UK Corporate Governance—under review

Corporate analysis: With the government adopting a stern tone on the importance of good behaviour in the corporate world, the Financial Reporting Council (FRC) has begun a review that will help inform responses to a recent green paper that seeks to address the issue. Stressing an increasing emphasis on transparency and reporting, and the spectre of shareholder concerns over executive pay, Eleanor Davison, of Fountain Court Chambers, presents an overview of what lies in store for companies and their lawyers.

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Original news

FRC response to Green Paper on corporate governance reforms, LNB News 22/02/2017 95

The FRC highlights the interests of stakeholders, executive remuneration, the accountability of large private companies and effective enforcement as key themes in its response to the government’s Green Paper on Corporate Governance reforms. The FRC’s response proposes reforms regarding the interests of major stakeholders, executive remuneration, large private companies and effective enforcement of the law.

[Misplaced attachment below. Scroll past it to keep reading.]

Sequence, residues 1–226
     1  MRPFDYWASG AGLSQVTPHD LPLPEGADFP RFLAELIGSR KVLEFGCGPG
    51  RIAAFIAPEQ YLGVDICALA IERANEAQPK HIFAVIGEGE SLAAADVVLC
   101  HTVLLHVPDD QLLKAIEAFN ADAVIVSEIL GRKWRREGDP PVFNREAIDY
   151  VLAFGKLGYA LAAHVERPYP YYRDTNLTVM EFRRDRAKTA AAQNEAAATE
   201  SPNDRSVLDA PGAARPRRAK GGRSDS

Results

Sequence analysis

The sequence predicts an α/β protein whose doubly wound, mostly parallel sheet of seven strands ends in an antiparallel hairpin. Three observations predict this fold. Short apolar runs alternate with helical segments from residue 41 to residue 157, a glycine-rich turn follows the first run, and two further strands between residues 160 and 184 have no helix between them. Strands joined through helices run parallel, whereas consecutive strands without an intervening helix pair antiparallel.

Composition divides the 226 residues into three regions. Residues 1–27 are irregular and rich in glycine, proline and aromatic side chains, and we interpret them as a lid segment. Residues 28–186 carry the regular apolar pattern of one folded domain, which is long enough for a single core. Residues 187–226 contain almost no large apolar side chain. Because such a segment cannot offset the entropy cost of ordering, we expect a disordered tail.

What is the factual background that led to this review?

In her conference speech in October 2016 the Prime Minister stated that her vision was ‘a country that works for everyone.’ In relation to businesses, she observed ‘too often the people who are supposed to hold big business accountable are drawn from the same, narrow social and professional circles as the executive team. And too often the scrutiny they provide is not good enough.’ Since that speech, a green paper on Corporate Governance Reform has been published by the Department for Business, Energy and Industrial Strategy (BEIS), a consultation on the implementation of the Non-Financial Reporting Directive 2014/95/EU has been concluded and a call for evidence on reform of corporate liability is underway. 2017 is a year in which governance, corporate culture and the accountability of directors for the businesses they run is firmly on the government agenda.